Editor’s note: With Leo returning home after evacuating for Gustav–and the comic wrapping up online—he offers his thoughts on being a character in “A.D.”:
As I write this Michelle and I sit in an Uptown coffee shop, watching rain sprinkle over the area. Last Wednesday we returned from our Hurricane Gustav evacuation to find our Mid-City apartment okay but with no electricity due to a power line knocked down around the corner from us. Michelle’s dad lives a couple minutes from us and had power, so we spent two nights there and our power returned on Friday. It wasn’t the most comfortable of times, but gearing up for a trip to the Superdome made it easier, and the Saints beating the Buccaneers let us forget about the previous week and the work ahead, if just for a few hours.
Considering the recent anniversary of Katrina and the release of A.D.’s last chapter, I thought this would be a good time to reflect on the comic. (Of course, the actual anniversary might’ve been a good time, but it seems even better now that Gustav has done a better job reminding us of what we’ve lost than any date on a calendar could.)
It’s been an honor to be featured in A.D.: New Orleans After the Deluge. To be depicted by a celebrated cartoonist like Josh Neufeld is something I never dreamed possible and, while I’d instantly trade it all to go back to August 28th, 2005, even for just a second, this experience has at once been flattering and validating.
Since August 29th, 2005, I’ve at times experienced a bit of survivor’s guilt. I felt guilty because even though I’d lost nearly all my possessions and my life was turned upside down, I’d returned to a job, had a place to stay and wasn’t as bad off as some other people were. When ComicGeekSpeak.com offered to send me comics to jumpstart my lost collection, I hesitated at first because I didn’t want to feel I was taking advantage of the situation. In time I realized that if I saw someone in the same situation, I’d give them a comic or two myself. That those guys were as gracious as they were is something I’ll remember for the rest of my life, and a lot of the comics they gave me were in a box I took with me this time around.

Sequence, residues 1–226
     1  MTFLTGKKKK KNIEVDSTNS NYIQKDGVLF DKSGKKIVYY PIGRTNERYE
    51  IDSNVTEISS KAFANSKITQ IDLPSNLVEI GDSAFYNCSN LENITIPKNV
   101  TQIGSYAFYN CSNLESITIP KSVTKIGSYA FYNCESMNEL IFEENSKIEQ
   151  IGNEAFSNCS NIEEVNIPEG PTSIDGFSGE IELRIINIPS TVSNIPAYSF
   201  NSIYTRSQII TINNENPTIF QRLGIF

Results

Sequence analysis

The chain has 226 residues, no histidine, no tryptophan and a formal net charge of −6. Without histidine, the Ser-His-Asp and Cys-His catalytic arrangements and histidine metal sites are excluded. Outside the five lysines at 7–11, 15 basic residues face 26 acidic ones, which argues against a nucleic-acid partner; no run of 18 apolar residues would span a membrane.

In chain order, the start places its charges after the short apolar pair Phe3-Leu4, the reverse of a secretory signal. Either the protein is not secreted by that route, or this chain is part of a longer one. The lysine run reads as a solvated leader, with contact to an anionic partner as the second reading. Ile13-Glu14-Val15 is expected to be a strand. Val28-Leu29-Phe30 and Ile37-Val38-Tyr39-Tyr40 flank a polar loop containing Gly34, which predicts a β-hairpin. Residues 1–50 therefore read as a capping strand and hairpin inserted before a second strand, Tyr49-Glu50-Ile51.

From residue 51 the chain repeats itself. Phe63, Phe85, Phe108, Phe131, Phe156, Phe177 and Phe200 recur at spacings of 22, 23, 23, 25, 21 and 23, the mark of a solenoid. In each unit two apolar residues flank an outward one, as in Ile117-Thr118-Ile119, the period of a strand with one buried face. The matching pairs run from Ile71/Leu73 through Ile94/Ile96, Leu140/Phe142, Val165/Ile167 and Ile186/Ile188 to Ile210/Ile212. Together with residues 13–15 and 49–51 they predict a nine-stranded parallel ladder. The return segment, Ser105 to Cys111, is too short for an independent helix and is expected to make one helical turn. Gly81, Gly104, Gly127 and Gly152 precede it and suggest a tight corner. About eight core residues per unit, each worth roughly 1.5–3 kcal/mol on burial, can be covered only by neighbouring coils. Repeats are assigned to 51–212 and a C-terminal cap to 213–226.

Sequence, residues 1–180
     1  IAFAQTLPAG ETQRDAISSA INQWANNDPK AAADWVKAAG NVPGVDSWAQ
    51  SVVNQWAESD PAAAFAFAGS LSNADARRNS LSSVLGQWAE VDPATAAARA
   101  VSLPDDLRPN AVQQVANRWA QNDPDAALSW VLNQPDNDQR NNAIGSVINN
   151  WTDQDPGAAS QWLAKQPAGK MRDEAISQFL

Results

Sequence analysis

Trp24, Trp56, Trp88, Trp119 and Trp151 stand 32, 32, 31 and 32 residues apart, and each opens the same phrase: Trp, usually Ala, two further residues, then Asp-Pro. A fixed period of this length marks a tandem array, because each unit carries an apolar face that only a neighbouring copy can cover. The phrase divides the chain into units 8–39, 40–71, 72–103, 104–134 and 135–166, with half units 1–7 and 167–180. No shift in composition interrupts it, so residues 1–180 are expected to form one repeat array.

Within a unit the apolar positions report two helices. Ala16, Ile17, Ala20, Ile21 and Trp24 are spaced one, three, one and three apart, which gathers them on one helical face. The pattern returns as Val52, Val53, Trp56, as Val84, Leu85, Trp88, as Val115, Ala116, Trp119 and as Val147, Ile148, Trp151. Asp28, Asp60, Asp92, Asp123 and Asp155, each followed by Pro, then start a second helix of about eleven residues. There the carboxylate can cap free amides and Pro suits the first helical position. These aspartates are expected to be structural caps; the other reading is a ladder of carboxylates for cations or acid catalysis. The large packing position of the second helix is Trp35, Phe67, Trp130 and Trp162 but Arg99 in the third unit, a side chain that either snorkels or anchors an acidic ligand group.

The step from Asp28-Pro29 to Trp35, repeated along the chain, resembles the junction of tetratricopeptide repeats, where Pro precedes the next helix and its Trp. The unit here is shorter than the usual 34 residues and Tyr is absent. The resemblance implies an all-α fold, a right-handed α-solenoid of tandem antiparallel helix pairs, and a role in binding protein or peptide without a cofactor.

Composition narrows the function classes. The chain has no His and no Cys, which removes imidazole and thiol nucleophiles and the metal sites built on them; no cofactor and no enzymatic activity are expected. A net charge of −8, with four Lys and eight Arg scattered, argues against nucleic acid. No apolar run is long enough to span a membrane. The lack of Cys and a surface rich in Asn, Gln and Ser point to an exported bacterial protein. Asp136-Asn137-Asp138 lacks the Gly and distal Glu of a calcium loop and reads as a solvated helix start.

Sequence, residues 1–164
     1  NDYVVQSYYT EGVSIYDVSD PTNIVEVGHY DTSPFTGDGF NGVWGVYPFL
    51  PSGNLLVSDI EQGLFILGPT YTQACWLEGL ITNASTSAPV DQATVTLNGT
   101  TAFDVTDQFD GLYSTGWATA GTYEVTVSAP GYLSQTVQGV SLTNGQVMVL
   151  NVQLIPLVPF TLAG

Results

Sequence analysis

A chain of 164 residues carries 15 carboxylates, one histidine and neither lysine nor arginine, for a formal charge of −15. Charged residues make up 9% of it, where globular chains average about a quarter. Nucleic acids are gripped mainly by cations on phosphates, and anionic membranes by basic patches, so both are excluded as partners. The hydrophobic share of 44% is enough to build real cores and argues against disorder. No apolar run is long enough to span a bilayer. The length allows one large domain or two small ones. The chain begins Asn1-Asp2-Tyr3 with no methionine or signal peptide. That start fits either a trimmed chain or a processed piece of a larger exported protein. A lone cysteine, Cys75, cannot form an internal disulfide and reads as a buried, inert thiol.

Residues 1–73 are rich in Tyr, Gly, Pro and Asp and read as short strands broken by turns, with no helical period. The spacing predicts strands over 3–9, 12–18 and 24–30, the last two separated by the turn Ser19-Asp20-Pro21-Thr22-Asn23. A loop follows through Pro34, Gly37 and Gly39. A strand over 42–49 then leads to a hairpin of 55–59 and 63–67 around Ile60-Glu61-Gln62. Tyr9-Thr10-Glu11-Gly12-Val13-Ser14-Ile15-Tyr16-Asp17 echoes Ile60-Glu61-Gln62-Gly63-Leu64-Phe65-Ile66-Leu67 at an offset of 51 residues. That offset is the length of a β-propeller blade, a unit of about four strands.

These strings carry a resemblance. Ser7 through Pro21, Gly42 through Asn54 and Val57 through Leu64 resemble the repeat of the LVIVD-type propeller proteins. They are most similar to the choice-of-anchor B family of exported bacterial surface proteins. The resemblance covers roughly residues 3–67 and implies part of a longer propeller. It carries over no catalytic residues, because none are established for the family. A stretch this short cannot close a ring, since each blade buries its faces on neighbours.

The survivor’s guilt again crept in a bit when Josh came calling about A.D. Here I was, having dreamt of being in a comic but having the opportunity because of a disaster—it felt weird, to say the least. But just as I realized the CGS guys were acting out of the goodness of their hearts, I realized that Josh wasn’t saying, “Hey, come be in a comic, and when it’s done we’ll roll around in all the accolades and development deals.” Josh was doing this for the right reasons—he had the notion that A.D. could touch people emotionally and even educate those that don’t realize there are thousands of stories behind the disasters we see on TV. I’m proud to be able to call Josh a friend, and the opportunity he provided has shown me that, as cliché as it may sound, just because the garden flooded doesn’t mean you can’t eat the fruit it produces later on.
After Gustav, I have a hunch that the guilt may be gone for good. Fittingly, a comic is at least partially to thank. While evacuated I read Seth’s It’s A Good Life, If You Don’t Weaken. At the end of the book, Seth realizes that all the work, worry and self-loathing he went through in tracing the work of a forgotten cartoonist boils down to a few simple moments where he gives joy to the cartoonist’s daughter and mother, a pleasure in getting one more chance to remember their loved one and knowing his work was not forgotten. I know that A.D. has touched many people with many more to come, and with that knowledge I can rest assured that the pain, worry and guilt from the past three years have simply led me to this point and to the chance to reach you, the reader. I’m humbled to be involved with giving New Orleans’ and our stories to the world—and even if it’s for just one more click or future flip of the page, it’s been worth it.
Thanks for reading,